History of Communities In Schools

History of Communities In Schools

In the 1960s, on the streets of New York City, youth worker Bill Milliken and his colleagues launched a series of nontraditional street academies, with backing from major corporations like Union Carbide and American Express. Young people who had already dropped out of school were able to return, complete their education and, in most cases, go on to college.

The Early Years
In 1977, Milliken and his colleagues decided to work inside the school system, and Communities In Schools (then called Cities In Schools) was born. The idea was to develop a safety net so underserved youth could get the assistance they needed to stay in school. The CIS founders realized that troubled young people and their families had difficulty negotiating their way through a maze of public and private services, all located in different places and following different rules. They decided to bring these community resources inside a public school building, where they are accessible, coordinated and accountable.

The fledgling organization started out strong, as newly elected President Jimmy Carter, a supporter of the CIS prototype during his term as Georgia governor, identified federal funds to support CIS expansion. Soon CIS was serving nearly 3,000 students in three cities: Atlanta, Indianapolis and New York.

Changes Along the Way
Between 1977 and 1983, local CIS efforts were funded by the CIS national organization. As the CIS movement continued to expand, it became clear that true community-building required local ownership and funding sources. Each community needed to assess its own problems and strengths and craft individual solutions. Thus, from then on, it was determined that every CIS affiliate would be independently incorporated, with the CIS national office providing training, support and the basic model.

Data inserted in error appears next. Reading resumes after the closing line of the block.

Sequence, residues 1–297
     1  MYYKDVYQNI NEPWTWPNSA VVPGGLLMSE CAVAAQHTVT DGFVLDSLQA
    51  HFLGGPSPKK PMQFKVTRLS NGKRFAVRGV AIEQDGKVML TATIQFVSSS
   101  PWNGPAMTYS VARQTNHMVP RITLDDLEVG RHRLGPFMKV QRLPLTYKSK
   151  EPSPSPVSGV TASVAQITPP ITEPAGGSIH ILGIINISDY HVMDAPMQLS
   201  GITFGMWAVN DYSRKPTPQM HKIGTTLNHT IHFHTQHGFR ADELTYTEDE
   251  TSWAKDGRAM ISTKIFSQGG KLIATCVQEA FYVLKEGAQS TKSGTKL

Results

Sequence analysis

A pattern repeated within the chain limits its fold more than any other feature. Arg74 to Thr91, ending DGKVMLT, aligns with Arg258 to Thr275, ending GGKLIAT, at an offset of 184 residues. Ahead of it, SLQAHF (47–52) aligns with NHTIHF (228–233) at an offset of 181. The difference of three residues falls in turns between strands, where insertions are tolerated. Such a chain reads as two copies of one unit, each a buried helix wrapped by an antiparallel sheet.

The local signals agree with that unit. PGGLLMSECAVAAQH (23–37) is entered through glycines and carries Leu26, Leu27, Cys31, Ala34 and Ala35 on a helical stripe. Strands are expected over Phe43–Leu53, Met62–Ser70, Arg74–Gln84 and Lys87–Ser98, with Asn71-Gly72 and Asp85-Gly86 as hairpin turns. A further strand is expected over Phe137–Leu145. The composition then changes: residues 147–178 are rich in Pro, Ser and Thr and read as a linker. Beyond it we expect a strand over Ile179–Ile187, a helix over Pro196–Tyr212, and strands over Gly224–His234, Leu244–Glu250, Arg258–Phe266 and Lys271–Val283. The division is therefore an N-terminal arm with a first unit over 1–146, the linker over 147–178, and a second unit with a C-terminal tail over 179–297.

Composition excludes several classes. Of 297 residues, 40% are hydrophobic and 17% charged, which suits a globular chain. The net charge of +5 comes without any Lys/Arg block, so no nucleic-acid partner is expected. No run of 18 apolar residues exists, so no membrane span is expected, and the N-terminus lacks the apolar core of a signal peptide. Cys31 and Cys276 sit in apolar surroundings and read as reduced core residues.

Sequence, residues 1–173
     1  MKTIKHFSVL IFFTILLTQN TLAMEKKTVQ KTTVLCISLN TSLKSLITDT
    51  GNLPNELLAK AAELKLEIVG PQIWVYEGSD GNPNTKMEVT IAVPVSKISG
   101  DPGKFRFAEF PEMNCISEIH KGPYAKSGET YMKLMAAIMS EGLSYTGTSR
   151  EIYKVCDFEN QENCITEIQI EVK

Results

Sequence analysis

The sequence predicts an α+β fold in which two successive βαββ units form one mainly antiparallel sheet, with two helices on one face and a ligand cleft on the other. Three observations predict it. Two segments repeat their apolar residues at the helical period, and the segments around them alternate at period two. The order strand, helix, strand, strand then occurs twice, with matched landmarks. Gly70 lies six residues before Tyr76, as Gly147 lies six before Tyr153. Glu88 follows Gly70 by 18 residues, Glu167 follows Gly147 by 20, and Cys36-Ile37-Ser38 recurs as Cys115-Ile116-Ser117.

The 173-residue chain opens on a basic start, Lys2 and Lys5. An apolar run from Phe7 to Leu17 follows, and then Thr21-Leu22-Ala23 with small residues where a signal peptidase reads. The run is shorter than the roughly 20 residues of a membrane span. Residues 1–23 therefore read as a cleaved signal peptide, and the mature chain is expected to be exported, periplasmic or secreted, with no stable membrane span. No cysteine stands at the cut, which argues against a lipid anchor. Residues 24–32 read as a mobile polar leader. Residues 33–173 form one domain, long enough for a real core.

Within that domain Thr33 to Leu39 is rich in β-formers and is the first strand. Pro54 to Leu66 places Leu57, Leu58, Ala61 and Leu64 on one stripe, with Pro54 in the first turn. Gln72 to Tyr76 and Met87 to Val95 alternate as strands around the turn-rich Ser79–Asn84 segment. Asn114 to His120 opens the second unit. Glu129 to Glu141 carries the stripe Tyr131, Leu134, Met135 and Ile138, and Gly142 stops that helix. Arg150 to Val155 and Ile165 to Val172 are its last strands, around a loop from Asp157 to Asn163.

CIS results have remained solid over the years. Students in increasing numbers have turned their lives around and chosen to stay in school and graduate. CIS cost-effective method of rallying the community to deliver existing services at the school site became a model for school-community collaboration. Every presidential administration since the Carter administration in 1977 has provided support to CIS including the innovative, 10-year Partnership Plan among the departments of Justice, Labor, Health and Human Services, and Education that began in 1985. As the CIS organization continued to grow, the role of state-level CIS offices became more and more significant. Robust CIS state organizations in Texas, Georgia, North and South Carolina, and Florida proved to be a steady and reliable engine for replicating and supporting the CIS model. Today there are 14 CIS state offices.

Coming of Age
By the mid-1990s, it was clear that the CIS methods were adaptable and successful wherever there were schools and students in need. To reflect this reality, and to acknowledge that at its core the organization is devoted to creating community, Cities In Schools changed its name to Communities In Schools in 1996.